Numbering System For Policies and Procedures

Nancy B. Alston

Numbering policy and procedure documents can be easy or hard depending on how you finally decide on the numbering format. I use simple numbering as you’ll see below but there are reasons for having a more complicated numbering system. I will give you both options and you can decide.

Option 1: Simple system. First of all, I like to do a four or five digit numbering system for all policies and procedures. In other words, I don’t use a separate numbers for policies and then another for procedures. Also, I like to use a sequential numbering starting from a large number like 1000 or 10000. For example, if I have a Human Resources policy on relocation, a second procedure on Purchase Requisitions, and a third policy on Forms Management, then the numbering system, based on a four-digits, would be:

  1. 1000 – Relocation Policy
  2. 1001 – Purchase Requisition Procedure
  3. 1002 – Forms Management

In some companies, I have given out ranges like 1000 to 1200 for Corporate Policies and Procedures and 1201 to 1500 for Human Resources and so on. The problem with ranges is that there is a possibility of a department running of out numbers, which by the way, happened one time to me and it has never happened again.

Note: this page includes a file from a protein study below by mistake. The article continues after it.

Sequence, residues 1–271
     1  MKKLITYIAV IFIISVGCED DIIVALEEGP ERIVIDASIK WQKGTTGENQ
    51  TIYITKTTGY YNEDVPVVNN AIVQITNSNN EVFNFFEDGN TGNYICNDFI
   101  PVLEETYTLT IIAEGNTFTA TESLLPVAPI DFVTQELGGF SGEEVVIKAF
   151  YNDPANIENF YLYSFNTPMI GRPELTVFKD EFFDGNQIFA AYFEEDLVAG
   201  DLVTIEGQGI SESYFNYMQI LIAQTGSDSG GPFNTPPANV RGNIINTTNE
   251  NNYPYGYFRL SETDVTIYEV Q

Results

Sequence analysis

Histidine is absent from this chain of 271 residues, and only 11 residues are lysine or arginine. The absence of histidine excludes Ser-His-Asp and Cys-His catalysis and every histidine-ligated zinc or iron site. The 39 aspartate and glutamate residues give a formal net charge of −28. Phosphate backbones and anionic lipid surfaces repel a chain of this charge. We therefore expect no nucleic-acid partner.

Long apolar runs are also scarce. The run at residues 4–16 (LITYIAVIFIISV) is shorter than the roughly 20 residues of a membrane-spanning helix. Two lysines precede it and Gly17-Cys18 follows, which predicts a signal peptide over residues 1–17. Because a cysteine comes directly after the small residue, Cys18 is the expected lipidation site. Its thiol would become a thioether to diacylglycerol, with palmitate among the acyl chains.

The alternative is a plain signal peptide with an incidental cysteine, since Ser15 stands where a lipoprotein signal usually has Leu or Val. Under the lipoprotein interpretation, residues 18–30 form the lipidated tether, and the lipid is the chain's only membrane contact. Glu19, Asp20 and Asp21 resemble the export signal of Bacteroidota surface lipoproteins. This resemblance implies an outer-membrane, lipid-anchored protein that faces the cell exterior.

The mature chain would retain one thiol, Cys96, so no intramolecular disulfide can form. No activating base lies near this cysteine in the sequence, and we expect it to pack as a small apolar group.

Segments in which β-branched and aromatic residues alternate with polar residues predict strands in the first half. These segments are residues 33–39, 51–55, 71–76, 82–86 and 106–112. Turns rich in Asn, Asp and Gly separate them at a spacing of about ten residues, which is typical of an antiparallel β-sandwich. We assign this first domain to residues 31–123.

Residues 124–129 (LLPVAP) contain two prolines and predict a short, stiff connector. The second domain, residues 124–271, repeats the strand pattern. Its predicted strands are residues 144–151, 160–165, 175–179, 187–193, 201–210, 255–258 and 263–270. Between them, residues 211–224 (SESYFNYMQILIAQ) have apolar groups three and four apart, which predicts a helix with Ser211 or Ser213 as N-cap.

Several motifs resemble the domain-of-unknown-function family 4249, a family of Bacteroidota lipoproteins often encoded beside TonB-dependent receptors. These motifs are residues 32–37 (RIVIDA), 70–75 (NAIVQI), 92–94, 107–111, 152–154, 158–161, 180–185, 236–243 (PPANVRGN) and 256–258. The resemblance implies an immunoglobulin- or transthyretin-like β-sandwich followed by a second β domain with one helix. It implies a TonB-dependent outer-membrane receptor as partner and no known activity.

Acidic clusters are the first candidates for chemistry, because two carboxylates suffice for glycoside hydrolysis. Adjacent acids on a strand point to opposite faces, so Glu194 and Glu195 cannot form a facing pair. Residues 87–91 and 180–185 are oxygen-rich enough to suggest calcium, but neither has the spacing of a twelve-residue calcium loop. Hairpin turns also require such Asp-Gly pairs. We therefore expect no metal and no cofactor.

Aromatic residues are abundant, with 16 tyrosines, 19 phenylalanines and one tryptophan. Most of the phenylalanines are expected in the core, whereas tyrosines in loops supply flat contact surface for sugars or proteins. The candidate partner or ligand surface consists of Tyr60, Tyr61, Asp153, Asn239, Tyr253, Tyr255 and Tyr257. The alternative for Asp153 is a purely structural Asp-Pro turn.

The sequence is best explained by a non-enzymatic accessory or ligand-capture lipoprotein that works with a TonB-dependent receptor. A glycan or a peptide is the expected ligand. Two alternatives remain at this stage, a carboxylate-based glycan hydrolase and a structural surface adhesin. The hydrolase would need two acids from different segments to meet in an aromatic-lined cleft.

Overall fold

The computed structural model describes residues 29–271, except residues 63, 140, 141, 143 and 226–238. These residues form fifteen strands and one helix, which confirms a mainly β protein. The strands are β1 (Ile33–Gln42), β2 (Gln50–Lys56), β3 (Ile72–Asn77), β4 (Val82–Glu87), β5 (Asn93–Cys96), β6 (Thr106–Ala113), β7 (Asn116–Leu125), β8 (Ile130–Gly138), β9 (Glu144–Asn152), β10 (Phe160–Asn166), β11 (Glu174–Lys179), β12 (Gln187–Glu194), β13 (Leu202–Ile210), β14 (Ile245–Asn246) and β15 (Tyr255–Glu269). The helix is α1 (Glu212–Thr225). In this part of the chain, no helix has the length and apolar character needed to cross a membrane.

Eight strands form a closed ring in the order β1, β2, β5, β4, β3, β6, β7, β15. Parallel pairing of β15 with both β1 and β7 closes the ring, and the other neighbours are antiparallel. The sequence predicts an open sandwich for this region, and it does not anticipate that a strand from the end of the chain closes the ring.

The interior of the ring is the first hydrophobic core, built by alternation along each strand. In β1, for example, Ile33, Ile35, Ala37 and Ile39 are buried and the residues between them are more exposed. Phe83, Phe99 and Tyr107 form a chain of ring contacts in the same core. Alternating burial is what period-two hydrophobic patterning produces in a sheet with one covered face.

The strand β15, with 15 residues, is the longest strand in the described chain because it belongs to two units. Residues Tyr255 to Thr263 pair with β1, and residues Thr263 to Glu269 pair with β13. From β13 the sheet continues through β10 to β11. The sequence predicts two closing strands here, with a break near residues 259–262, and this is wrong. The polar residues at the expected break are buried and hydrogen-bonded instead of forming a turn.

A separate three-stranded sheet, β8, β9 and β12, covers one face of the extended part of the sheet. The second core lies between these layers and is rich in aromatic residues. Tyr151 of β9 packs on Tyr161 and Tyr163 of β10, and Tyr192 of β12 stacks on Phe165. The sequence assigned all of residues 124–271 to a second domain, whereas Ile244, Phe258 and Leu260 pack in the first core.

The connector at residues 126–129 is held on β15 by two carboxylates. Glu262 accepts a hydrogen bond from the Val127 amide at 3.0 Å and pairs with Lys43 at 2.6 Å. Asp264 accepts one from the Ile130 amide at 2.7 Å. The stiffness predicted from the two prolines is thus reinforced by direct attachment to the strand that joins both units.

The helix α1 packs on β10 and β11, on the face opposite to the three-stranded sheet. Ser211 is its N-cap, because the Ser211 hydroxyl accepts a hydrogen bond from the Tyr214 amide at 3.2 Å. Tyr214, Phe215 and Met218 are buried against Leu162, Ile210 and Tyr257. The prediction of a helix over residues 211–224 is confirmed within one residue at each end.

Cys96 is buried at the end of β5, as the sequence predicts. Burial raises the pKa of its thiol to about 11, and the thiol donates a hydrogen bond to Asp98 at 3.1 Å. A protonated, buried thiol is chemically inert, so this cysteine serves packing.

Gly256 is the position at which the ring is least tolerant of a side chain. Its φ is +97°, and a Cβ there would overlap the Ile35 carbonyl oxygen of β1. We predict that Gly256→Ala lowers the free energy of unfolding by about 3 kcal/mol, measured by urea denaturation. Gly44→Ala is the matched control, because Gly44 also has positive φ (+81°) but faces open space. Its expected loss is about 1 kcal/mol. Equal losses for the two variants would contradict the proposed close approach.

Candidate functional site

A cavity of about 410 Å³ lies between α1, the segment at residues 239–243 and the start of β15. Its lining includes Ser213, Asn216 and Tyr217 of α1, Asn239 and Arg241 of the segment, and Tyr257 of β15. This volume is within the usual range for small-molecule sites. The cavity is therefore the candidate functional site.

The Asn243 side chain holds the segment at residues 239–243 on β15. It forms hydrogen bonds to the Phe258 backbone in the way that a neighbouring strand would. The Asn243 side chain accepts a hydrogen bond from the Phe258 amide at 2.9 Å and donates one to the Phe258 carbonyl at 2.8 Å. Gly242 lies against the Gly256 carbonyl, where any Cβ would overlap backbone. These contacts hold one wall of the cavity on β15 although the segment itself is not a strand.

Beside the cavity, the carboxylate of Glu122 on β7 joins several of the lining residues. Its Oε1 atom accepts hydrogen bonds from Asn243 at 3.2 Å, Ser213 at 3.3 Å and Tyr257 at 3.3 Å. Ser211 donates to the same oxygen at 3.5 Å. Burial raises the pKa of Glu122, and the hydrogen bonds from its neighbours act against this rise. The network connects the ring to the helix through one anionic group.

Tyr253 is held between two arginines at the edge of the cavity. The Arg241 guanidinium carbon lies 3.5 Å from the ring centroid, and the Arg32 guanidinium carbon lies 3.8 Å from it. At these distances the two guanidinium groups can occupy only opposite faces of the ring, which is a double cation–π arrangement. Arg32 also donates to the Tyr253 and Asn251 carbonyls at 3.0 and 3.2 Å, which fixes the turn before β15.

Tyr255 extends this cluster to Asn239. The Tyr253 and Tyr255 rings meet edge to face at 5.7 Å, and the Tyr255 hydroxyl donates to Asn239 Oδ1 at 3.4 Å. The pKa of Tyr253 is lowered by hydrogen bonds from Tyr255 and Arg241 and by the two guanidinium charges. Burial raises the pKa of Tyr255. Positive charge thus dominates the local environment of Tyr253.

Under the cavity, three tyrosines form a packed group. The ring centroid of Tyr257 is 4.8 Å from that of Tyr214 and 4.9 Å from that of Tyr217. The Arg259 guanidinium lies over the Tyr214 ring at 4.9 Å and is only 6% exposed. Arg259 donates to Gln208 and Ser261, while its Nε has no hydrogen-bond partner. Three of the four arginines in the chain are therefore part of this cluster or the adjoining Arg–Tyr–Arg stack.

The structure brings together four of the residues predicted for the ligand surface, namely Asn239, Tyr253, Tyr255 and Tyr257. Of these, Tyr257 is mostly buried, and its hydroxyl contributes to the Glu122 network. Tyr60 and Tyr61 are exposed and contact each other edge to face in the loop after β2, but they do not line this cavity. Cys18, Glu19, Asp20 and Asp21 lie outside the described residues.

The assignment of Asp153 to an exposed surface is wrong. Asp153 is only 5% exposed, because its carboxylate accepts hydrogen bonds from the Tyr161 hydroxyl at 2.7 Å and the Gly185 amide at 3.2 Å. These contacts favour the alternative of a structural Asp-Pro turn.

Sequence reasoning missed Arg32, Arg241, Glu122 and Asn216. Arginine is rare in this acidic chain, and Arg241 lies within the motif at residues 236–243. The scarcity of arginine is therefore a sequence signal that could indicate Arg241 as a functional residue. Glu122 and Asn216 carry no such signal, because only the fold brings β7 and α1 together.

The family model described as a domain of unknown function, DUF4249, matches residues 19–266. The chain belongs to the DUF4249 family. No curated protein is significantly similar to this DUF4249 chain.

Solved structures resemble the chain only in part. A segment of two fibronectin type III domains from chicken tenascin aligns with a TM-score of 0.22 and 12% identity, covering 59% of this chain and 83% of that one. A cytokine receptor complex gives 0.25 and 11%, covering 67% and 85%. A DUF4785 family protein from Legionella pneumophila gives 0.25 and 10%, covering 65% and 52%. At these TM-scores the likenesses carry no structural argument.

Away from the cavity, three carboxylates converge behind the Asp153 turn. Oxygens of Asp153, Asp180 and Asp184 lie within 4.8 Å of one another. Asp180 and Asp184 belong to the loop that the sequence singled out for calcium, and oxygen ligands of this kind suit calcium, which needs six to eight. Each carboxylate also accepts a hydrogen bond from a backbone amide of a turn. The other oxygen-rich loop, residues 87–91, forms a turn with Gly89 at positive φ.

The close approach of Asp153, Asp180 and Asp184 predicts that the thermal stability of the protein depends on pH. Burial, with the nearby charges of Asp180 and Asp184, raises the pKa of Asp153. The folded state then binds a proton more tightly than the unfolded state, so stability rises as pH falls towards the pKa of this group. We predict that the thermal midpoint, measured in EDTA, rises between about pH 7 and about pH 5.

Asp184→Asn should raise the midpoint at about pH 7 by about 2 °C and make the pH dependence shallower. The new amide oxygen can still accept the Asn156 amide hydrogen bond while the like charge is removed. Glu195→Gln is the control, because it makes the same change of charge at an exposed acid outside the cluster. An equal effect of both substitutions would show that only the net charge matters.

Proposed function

Option 2: Some policies and procedures writers use a more complex system to try and pinpoint specific areas within departments. For example, a company might use a format such as:

MF-RC-PE-1001 to stand for the first procedure in the Receiving Department within the Manufacturing Department. A policy might have the number MF-RC-PL-1002 where PL stands for policy. You get the picture.

I have to admit that I did use this numbering format early in my career but it’s so hard to maintain. And forget ever maintaining it when the departments change their name. For example, when Office Services becomes Administrative Services or when Engineering becomes Research and Development or when Office of the President becomes Corporate Offices. When this happens, your entire numbering system would have to change.

Summary: I prefer the four or five number numbering system due to its simplicity. I find the second option as cumbersome but yet some companies might find good reason to use it. The system you select is your choice but all I recommend is that you do some research as to how it will hold up over time in your company environment.

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